Sunday reading: profiles and portraits

Writer Janet Flanner is remembered primarily for her insightful dispatches during her long tenure as The New Yorker Paris correspondent. Yet equally noteworthy are the eclectic and compelling profiles she has written, of figures ranging from Picasso and Bette Davis to Hitler. In 1929, she painted the portrait of the novelist Edith Wharton, who was then living as an expatriate in the French countryside. Flanner’s profile, by turns irreverent and poignant, captures Wharton’s evolution as a chronicler of social mores and complex taxonomies within the beau monde from which she hails. “She always suffered from the disadvantage of being an outsider, even in her hometown, after becoming a popular novelist,” writes Flanner. “New York never forgave her for being born in New York and writing about it.” Flanner’s essay delights, in part, because it features a master profiler offering a sly and deft portrait of a writer who was herself one of the most eminent literary portraitists of the last century.

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This week, as the new yorker celebrates its ninety-seventh anniversary, we offer you a selection of Profiles from our archives. In “Eclectic, Reminiscent, Amused, Fickle, Perverse”, George WS Trow writes about Ahmet Ertegun, the co-founder of Atlantic Records, who over the course of his long career has worked with Ray Charles, Aretha Franklin, Otis Redding and many others. (Ertegun’s “pursuit of novelty, vogue and distraction leads him into situations that most people would find boring or senseless; but, just as Proust would have seen in the presence of a boring duchess the representative of seven centuries of duchesses, Ahmet can perhaps see in the most thankless nightclub, in the most nutritious dinner, in the most boring rock singer, a descendant of one of the American archetypes that fascinated him in his youth.”) In “The Shadow Act,” Hilton Als explores the radically innovative work of artist Kara Walker. “Walker’s vision…is sham history. Things are not what they seem, because America is, literally, amazing, fantastic – a freak sight that ‘It’s almost impossible to watch, let alone understand.’) In “Standing Out of Chaos in Style”, Kenneth Tynan examines the life of British playwright Tom Stoppard. In “Show Dog,” Susan Orlean focuses on perhaps the most unlikely subject of this group, a Westminster named Biff Truesdale. (“If I was a bitch, I’d be in love with Biff Truesdale. Biff is perfect. He’s friendly, handsome, rich, famous, and in excellent physical condition. He hardly ever drools.”) From “Secrets of the mage” , Mark Singer considers the creative ingenuity of magician and sleight of hand artist Ricky Jay.In “White Like Me”, Henry Louis Gates, Jr., writes about the life of Anatole Broyard, a literary critic who is reimagined by denying his true identity.Finally, in 1986’s “Covering the Cops,” Calvin Trillin portrays the fearless Edna Buchanan, Miami’s greatest detective reporter at that time. regularly discussed by first name among people they have never met,” writes Trillin. “One of them is Fidel. Another is Edna.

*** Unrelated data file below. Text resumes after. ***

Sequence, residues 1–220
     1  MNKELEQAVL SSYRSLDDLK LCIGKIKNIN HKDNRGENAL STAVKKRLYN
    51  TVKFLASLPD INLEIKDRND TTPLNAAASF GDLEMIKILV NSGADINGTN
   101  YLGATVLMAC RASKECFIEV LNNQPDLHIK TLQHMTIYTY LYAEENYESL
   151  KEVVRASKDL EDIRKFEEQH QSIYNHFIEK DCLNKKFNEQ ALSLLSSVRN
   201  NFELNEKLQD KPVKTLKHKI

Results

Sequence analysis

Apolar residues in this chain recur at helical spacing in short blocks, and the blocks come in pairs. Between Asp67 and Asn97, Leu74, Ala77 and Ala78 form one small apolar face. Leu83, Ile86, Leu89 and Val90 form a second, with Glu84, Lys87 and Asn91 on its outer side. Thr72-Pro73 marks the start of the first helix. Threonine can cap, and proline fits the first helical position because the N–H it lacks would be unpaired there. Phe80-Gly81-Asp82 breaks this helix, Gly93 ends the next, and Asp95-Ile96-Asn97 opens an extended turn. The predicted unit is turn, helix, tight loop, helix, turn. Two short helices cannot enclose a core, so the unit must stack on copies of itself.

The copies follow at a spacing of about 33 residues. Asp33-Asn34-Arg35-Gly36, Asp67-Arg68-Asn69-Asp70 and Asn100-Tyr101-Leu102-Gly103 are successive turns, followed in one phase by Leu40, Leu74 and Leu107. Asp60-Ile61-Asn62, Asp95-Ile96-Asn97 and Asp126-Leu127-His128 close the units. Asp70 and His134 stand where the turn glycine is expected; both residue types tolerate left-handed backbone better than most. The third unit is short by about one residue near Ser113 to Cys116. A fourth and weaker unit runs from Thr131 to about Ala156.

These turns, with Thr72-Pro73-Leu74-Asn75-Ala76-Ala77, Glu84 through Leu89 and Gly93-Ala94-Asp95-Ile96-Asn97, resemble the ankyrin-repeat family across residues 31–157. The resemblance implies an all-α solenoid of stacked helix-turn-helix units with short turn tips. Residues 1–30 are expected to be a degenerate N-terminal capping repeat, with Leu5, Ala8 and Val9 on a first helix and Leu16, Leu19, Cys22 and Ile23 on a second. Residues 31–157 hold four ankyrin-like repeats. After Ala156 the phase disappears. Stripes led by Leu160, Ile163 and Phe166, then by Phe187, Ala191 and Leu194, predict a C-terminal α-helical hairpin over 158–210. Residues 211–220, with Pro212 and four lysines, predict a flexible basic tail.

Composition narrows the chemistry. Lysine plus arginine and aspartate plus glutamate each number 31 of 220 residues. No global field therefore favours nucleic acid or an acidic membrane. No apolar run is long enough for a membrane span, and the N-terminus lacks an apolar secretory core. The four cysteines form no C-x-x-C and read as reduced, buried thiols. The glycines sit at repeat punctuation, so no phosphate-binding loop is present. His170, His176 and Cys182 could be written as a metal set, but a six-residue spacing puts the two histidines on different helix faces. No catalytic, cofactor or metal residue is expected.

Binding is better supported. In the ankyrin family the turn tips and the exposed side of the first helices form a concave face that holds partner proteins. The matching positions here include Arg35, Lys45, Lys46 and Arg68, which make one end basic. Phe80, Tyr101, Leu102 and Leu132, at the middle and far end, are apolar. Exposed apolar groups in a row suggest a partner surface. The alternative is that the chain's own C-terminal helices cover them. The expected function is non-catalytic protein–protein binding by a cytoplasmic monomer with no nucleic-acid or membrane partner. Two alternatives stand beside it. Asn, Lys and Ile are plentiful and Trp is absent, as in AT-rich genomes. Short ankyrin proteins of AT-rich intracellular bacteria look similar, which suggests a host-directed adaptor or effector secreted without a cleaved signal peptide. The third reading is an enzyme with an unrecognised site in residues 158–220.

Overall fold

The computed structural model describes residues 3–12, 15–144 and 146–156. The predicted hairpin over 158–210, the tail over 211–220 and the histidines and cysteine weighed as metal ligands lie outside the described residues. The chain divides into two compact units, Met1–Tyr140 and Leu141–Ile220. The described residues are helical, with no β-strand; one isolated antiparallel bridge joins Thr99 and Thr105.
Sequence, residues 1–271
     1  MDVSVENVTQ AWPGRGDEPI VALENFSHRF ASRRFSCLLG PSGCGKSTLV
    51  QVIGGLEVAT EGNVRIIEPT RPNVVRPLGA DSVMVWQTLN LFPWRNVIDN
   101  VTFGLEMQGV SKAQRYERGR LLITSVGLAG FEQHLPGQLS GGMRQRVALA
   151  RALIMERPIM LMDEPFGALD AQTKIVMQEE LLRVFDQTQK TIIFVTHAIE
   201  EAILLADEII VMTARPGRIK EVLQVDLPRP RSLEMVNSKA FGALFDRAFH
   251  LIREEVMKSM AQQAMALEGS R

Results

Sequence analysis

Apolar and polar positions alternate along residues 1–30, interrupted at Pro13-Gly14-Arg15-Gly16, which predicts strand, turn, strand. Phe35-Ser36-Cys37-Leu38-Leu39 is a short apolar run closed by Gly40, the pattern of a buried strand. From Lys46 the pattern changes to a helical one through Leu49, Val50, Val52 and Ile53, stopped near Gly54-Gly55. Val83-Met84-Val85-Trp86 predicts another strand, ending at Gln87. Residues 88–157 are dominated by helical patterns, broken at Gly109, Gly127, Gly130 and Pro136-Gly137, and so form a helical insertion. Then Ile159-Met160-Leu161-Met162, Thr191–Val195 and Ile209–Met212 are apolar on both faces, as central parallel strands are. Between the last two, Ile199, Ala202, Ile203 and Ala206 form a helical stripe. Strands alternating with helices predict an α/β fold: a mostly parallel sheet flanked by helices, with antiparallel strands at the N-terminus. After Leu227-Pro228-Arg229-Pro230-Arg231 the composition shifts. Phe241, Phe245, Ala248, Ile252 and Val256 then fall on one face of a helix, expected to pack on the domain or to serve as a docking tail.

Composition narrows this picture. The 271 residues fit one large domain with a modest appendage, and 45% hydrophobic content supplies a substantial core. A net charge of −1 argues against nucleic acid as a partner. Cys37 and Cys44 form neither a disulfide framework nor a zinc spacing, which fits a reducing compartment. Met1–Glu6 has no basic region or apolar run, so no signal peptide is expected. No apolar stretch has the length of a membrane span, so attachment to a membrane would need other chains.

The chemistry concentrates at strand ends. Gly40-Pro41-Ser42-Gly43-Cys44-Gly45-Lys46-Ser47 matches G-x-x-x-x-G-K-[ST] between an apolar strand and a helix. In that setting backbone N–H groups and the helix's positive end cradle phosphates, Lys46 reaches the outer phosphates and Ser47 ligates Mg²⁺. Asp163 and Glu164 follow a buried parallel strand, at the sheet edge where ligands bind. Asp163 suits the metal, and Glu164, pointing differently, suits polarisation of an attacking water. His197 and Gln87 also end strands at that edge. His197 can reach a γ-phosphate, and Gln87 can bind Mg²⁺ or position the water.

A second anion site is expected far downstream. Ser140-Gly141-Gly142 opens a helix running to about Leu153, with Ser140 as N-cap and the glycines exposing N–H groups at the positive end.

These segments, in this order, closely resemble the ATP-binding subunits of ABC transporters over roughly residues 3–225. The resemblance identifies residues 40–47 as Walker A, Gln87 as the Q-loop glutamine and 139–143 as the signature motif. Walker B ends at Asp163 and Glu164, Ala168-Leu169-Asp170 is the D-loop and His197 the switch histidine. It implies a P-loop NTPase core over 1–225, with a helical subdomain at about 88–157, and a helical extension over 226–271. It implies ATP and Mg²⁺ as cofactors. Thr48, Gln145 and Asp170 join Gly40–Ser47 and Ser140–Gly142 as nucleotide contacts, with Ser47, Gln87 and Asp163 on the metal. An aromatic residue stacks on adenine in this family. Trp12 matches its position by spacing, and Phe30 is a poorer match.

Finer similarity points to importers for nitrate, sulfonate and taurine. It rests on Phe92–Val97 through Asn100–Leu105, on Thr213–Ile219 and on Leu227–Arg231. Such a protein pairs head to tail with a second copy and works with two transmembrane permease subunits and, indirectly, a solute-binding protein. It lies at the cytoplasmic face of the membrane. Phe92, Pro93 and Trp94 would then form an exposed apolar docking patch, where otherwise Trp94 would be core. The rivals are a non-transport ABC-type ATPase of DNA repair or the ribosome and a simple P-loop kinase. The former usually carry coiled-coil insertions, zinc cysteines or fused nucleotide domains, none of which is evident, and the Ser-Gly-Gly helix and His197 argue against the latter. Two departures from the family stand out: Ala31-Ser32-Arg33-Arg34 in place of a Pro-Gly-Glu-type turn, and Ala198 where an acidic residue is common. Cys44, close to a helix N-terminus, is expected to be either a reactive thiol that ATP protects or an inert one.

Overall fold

Erin Overbey, Archive Editor

The inner and outer journeys of Edith Wharton.

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Image may contain: Tie, Accessories, Accessory, Ahmet Ertegün, Suit, Coat, Clothes, Overcoat, Clothing, Human and Person
Eclectic, Reminiscent, Amused, Inconstant, Perverse—II

Ahmet Ertegun and the American art of making a hit.

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Walker in his studio

Kara Walker’s vision.

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A portrait of Biff, the show dog boxer

It’s not easy to be a professional boxer. Biff Truesdale, who will be defending his titles at the Westminster show, gives the impression that this is so.

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An illustration of Tom Stoppard holding a cigarette
Step out of the chaos in style

For playwright Tom Stoppard, art is a game within a game – the greatest game being life itself, an absurd mosaic of incidents and accidents.

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Black and white photograph of a man in a dark suit holding a small playing card in one hand

Ricky Jay does some close-up magic that defies reality.

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Illustration of a Woman Standing in a Doorway Behind Tape, Holding a Notebook and Pen

The world of Miami’s best crime reporter.

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Anatole Broyard

Anatole Broyard wanted to be a writer, not a black writer. So he chose to live a lie rather than be trapped by the truth.

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About Karren Campbell

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